I think it’s safe to say that when most audiences today see or hear the word “burlesque” they think “striptease” and since I wasn’t dancing or I was only removing one article of clothing; I may have confused some people in the beginning. One time after I performed one of my signature numbers, someone said, “If you’re gonna do burlesque, then you need to move around more! Take something off, girl!” And while I know that they were probably trying to be encouraging, at the time it felt a little like a slap in the face. So I feel really grateful to all of the wonderful producers that get what I’m going for and have made space for me on their stages. Now when someone implies that what I do isn’t really burlesque, I like to remind them that Gypsy Rose Lee was famous for taking off just one glove—and if it’s good enough for Gypsy then it’s good enough for me.

We’d love to hear more about your work and what you are currently focused on. What else should we know?
I’m a burlesque performer, lounge singer, and pinup model based in Southern California. When I was younger, I was signed as a plus-size model with a few commercial agencies, but these days I shoot more vintage and contemporary pinup with a focus on lingerie. As for music, I cover everything from swing to neo soul and pop, but my specialty is jazz standards from the 1930’s-1960’s. I get compared to Amy Winehouse a lot who is definitely a huge musical influence of mine, but I love to incorporate the glamorous aesthetic of 40’s pinups and starlets into my act, and I usually take inspiration from classic MGM movie-musicals for burlesque-focused performances. Before the quarantine hit I was on my way to perform in Vegas for the first time, I was also planning a trip to London for some live dates and I was rehearsing with a new band, but most of that had to be cancelled or postponed due to the pandemic and we were forced to hit pause on band practice momentarily.

London is still very much on my mind, but right now I’m focusing my energy into developing more conceptualized musical numbers for when the venues here can open back up. I really want to incorporate more dance/movement and lavish costumes into my burlesque. I’m also excited to be in the very early stages of some projects planned for 2021 and I really cannot wait to (safely) be able to get back to rehearsing with my band. For the longest time my lounge act consisted of just me and my little speaker at bars and restaurants, but it can get a little monotonous being out there by yourself. I’ve been told I have a particularly commanding stage presence but I can’t tell you how many times a booker has said, “I’ve never seen anybody that can make an entire restaurant shut up and listen,” so while I feel like I can usually hold my own pretty well, nothing compares to having an amazing band to play off and I could not have asked for a better group of musicians to back me.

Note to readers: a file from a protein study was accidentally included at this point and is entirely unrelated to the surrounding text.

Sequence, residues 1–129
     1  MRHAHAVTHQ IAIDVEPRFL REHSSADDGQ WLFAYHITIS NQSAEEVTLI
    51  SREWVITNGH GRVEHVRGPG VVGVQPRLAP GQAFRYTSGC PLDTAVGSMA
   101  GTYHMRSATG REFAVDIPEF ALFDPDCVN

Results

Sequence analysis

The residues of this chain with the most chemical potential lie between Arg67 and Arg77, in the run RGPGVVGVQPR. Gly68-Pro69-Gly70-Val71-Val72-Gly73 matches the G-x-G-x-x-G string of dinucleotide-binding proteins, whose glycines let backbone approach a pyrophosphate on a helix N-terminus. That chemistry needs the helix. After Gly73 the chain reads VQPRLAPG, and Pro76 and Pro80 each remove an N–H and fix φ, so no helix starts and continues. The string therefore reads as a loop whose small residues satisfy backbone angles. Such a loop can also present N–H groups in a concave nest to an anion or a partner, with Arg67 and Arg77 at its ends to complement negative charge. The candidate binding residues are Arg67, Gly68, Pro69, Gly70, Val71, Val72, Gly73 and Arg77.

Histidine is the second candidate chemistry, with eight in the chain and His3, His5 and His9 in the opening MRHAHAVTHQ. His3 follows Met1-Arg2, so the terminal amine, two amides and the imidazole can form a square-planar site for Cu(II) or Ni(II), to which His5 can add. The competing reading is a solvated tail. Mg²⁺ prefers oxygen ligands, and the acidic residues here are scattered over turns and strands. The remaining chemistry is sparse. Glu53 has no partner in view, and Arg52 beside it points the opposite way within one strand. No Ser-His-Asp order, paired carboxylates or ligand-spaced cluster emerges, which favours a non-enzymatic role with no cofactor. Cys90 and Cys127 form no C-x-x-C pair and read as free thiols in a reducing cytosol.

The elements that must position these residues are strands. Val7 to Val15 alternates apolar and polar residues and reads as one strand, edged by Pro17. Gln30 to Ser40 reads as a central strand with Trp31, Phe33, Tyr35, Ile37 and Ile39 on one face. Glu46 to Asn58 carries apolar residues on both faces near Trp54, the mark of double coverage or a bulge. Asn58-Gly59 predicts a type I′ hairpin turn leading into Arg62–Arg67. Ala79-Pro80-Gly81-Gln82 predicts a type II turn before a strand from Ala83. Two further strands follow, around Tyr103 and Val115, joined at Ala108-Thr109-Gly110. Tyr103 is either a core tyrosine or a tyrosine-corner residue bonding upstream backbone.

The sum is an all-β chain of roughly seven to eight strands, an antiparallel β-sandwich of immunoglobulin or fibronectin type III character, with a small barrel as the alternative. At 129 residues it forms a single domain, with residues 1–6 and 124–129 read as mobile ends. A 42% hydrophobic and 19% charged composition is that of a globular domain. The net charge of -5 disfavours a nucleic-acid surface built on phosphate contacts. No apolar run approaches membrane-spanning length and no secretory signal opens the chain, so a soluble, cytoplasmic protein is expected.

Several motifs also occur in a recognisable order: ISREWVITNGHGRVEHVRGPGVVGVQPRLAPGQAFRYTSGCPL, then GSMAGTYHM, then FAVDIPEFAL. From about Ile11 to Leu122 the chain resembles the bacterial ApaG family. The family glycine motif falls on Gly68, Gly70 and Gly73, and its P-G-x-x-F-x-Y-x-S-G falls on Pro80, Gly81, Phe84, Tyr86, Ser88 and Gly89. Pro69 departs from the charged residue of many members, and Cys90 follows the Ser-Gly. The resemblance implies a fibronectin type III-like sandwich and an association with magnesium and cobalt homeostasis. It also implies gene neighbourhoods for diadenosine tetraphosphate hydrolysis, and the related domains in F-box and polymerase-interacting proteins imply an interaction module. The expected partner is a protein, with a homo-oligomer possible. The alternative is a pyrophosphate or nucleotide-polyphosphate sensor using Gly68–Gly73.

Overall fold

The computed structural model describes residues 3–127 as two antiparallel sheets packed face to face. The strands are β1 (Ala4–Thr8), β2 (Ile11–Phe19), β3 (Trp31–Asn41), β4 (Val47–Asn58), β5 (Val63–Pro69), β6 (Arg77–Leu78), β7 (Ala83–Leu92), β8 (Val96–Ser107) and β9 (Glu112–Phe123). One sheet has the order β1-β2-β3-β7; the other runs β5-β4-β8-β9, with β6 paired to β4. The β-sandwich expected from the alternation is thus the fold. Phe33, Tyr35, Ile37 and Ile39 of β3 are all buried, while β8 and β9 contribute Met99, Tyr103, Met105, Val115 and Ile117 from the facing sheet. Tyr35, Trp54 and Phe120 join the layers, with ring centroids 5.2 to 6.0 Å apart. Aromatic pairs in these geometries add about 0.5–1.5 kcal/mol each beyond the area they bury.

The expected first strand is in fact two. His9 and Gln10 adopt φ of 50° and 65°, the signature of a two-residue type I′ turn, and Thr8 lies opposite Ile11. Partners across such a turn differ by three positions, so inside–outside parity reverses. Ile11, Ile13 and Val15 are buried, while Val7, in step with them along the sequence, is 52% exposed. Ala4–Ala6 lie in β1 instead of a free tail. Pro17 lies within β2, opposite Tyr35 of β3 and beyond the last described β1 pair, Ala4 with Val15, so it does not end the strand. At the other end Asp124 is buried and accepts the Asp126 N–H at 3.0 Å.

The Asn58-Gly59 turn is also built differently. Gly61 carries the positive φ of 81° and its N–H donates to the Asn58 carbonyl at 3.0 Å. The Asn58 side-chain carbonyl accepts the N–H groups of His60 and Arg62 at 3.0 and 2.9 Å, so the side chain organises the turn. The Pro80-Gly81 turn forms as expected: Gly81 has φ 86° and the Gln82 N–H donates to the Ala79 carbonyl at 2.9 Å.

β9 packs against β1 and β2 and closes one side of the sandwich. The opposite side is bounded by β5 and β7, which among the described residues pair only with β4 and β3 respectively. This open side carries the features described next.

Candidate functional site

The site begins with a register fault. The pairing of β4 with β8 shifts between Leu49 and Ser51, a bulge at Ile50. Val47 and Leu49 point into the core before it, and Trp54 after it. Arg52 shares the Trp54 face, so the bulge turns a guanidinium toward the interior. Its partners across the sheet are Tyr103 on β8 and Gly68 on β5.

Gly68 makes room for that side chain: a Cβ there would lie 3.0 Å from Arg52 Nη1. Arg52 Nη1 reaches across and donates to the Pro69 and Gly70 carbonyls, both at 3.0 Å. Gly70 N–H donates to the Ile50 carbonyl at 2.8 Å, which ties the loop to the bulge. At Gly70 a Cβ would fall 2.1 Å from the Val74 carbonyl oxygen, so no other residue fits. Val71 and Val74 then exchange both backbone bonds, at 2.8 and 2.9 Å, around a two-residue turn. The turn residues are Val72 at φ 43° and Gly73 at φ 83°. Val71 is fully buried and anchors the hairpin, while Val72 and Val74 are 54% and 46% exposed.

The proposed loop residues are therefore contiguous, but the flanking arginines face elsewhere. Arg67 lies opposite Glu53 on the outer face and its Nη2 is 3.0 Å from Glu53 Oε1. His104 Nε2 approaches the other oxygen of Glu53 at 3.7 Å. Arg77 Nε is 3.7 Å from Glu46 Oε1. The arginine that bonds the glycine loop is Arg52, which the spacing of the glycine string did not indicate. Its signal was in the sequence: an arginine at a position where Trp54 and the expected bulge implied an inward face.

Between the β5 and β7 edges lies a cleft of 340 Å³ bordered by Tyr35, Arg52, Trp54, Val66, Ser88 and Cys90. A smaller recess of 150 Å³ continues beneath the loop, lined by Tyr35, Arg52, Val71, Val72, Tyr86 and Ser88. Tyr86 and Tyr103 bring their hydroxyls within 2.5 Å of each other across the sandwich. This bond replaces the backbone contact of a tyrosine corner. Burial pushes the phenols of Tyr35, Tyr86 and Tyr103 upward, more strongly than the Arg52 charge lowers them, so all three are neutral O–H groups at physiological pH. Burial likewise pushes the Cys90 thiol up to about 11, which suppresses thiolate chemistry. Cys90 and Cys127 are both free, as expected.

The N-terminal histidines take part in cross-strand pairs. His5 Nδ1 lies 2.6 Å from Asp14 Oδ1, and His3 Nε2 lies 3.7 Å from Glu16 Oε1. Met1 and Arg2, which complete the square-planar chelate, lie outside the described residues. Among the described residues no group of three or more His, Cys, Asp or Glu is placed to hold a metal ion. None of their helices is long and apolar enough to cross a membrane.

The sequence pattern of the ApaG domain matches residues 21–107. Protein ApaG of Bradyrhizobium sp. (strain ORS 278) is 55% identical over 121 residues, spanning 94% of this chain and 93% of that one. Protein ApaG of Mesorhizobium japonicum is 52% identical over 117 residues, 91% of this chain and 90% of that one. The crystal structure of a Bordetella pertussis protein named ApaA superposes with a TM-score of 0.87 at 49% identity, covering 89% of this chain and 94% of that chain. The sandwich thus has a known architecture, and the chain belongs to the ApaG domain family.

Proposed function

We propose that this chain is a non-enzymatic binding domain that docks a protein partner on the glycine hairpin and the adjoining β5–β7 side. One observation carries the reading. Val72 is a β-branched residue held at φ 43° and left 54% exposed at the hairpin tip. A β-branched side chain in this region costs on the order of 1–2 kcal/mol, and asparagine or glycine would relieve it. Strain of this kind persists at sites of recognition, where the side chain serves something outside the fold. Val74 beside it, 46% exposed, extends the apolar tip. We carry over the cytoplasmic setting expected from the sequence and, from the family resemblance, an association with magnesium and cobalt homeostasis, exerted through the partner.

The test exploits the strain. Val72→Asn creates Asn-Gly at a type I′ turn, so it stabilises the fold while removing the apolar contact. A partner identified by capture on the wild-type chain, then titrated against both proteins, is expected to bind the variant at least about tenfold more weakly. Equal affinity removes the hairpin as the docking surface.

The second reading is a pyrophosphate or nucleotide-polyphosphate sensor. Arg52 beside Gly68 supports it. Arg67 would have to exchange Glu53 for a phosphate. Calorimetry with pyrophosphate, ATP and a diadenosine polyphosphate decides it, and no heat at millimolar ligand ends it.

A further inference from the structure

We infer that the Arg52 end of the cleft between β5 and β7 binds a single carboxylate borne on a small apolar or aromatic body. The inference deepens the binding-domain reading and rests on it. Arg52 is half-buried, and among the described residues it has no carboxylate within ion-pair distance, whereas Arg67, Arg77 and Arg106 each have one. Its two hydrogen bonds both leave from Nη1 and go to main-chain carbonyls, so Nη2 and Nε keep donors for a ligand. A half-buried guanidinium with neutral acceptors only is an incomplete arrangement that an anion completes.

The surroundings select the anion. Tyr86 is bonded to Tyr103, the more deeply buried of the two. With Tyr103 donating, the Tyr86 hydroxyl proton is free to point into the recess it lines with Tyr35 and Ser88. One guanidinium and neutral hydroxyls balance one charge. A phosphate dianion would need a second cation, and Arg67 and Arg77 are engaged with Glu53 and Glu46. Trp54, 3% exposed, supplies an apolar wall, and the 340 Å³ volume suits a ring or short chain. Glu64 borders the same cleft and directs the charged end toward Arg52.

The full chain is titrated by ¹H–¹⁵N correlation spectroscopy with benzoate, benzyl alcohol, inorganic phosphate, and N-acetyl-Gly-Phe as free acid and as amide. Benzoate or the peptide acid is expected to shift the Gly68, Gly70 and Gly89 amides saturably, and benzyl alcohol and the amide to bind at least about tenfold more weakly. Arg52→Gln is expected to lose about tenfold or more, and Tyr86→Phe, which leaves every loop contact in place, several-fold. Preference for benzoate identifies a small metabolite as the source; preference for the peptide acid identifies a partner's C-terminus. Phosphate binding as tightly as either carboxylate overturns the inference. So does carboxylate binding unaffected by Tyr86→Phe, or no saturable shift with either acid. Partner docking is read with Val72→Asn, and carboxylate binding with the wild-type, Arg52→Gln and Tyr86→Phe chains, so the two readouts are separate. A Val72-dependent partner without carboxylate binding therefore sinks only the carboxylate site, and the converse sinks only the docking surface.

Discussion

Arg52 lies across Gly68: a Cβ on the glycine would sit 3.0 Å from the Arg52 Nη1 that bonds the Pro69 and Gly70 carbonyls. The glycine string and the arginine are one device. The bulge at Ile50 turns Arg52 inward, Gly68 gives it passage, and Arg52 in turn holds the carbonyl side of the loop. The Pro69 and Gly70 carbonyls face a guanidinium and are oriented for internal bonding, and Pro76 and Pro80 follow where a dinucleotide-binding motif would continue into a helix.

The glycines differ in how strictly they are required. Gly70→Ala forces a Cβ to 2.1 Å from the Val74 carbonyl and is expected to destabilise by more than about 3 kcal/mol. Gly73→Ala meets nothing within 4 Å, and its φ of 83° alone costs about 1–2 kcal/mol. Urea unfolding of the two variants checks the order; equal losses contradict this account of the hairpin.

Let’s touch on your thoughts about our city – what do you like the most and least?
I live in Orange County, but I love spending time in Los Angeles because there’s so much to do and see and take in, especially if you have a passion for vintage architecture and fashion. We don’t have a ton of jazzy spots in the OC either, so I like the variety. Being a night owl in particular, I feel right at home tucked away in a red velvet booth in some dimly lit drinkery with an Old Fashioned in hand. Ever since I can remember, I’ve been drawn to that Film Noir femme fatale trope in old movies. So I think what I love most is that I can get dressed up in a wiggle dress and a red lip and live out a little slice of that childhood fantasy even in modern day LA. There’s something to be said about the climate we’re living in right now though (not just in LA) and the issues surrounding police brutality, censorship, and civil rights that are eerily parallel to that of Old Hollywood, and I’d hoped we would have progressed more as a nation by now. I love vintage aesthetics but I could do without the vintage values.

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Image Credit:
Jason Kamimura, Jason Sinn, Dayna Qazi, Brandon Gullion, and Marion Mae